• Alopecia Angel

Alopecia: Dating & Relationships, How to Navigate and What to Do


Alopecia creates insecurities much more I believe than other autoimmune diseases because with the majority of them, there are no visible or apparent symptoms that are as drastic as hair loss. Everyone is 'normal' looking for the most part and does not go through the balding patches, or total hair loss or loss of eyebrows one day and lashes the next. Alopecia is, I believe and feel, in its own category. Yes a lot is going on - on the inside, emotionally, physically, mentally, and you cannot help how your body reacts, the somewhat slow process of healing, and how fast hair grows back. (you can only support it) You might feel misunderstood- because you are- no one gets you! Not your family, friends and even the person you are currently crushing on. No one can really help, and the only support they can offer is a hug, encouraging words and thats about it! I've been there! I totally understand... there were times where my family was looking at me like I was an alien, or when my boyfriend now husband was quiet, just listening patiently. No one gets the frustration or anxiety building up inside you. But I do. I get you. I've been there. So instead of trying to insist that people understand you, it's better to educate and impart knowledge of your new healthy lifestyle, diet and way of life and attribute it to your healing process with alopecia. They can learn, and support you by doing the same or at the least, encouraging you to keep on track.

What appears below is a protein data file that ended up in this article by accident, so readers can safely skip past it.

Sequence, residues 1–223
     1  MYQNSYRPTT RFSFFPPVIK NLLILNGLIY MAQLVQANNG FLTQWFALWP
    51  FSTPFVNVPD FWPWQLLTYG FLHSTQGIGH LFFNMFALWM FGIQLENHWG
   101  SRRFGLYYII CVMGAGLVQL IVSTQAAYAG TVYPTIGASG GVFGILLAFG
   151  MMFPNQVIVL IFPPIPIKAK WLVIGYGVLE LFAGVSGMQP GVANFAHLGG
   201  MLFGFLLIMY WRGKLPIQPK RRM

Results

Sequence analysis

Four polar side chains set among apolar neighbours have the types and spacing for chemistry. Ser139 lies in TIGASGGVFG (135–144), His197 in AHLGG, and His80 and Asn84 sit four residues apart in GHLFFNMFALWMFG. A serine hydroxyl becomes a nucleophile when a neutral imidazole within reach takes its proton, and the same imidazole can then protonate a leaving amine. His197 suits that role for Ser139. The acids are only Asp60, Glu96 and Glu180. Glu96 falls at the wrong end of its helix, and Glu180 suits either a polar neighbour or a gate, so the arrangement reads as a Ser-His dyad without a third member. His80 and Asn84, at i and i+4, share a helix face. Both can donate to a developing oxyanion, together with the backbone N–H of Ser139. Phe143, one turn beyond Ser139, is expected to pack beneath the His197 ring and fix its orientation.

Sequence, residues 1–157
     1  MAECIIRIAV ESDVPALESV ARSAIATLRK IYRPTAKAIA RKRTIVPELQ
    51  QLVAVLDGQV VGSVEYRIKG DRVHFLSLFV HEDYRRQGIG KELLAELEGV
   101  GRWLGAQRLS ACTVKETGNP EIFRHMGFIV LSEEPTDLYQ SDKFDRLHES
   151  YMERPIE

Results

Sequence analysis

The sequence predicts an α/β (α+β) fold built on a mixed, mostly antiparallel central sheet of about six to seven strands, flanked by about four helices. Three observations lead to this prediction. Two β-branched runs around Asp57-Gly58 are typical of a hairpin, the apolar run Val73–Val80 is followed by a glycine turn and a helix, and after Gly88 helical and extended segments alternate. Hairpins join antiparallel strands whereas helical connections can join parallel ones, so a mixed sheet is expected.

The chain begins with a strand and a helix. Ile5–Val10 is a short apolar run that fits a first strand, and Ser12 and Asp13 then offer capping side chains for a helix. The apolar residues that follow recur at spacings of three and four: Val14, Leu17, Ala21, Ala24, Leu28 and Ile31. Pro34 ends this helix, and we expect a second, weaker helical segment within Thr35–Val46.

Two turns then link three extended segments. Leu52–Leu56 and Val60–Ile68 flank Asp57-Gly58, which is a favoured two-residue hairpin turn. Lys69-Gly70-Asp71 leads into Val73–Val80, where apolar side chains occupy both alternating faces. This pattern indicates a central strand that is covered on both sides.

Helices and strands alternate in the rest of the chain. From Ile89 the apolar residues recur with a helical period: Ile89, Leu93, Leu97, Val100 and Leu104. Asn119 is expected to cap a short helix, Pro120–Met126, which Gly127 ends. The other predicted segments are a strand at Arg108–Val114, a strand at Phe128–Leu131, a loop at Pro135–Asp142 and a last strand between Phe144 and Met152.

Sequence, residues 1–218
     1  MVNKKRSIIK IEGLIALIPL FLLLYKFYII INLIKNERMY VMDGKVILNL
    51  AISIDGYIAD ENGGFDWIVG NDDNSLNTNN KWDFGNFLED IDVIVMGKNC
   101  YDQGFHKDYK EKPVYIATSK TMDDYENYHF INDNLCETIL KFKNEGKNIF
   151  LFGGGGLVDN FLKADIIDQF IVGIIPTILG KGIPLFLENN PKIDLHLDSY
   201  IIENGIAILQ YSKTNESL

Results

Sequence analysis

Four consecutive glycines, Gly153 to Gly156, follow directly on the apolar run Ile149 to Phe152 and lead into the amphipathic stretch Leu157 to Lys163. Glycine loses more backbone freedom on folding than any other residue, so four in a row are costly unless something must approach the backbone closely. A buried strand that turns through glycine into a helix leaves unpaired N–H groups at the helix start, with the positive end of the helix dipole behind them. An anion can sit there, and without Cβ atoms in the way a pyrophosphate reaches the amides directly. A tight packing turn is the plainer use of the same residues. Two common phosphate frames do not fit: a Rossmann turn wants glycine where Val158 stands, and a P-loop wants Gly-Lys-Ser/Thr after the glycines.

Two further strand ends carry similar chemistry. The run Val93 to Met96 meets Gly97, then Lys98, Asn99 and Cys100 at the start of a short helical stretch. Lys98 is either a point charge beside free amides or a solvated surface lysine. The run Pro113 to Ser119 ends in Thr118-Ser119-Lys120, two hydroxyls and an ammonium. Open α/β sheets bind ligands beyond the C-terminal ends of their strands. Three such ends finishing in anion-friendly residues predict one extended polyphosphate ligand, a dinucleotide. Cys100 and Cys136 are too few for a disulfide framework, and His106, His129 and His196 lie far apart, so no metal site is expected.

You can support your body and help it heal and you can get on the right path towards healing. But what do you do in the meantime?

Dating is a dance between two people which in its own right is exciting, new, fresh and full of potential. Breaking the news about a health condition and other important topics should come up sooner rather than later, when you feel it is right, or when things are getting serious and things are going to the next level. Dating is a word that has many meanings and definitions. For me personally, dating equals getting to know someone, an acquaintance ~ in which you frequent for coffee or lunch. Not necessarily giving all access to without certain milestones and rights of passage. Depending on who you feel warrants your precious time, attention, and resources, you should consider this person and be honest with them- educate them as much as possible and bring them up to date on how alopecia fits into your current life and what that means for each of you.

Alopecia isn't a death sentence. So education is key and getting someone on board with a healthier lifestyle is also key to staying on course and having a nurturing environment around you.

These conversations will be crucial in helping your partner/current crush understand you better, support you better and even test the relationship a bit. If they are willing and able to stand by you regardless of where your hair is, then you have a true human that is compassionate and cares. All in all, you want someone who faces adversity head on, not one who shy's away from it, or runs in the opposite direction out of ignorance, insecurities or other superficialness.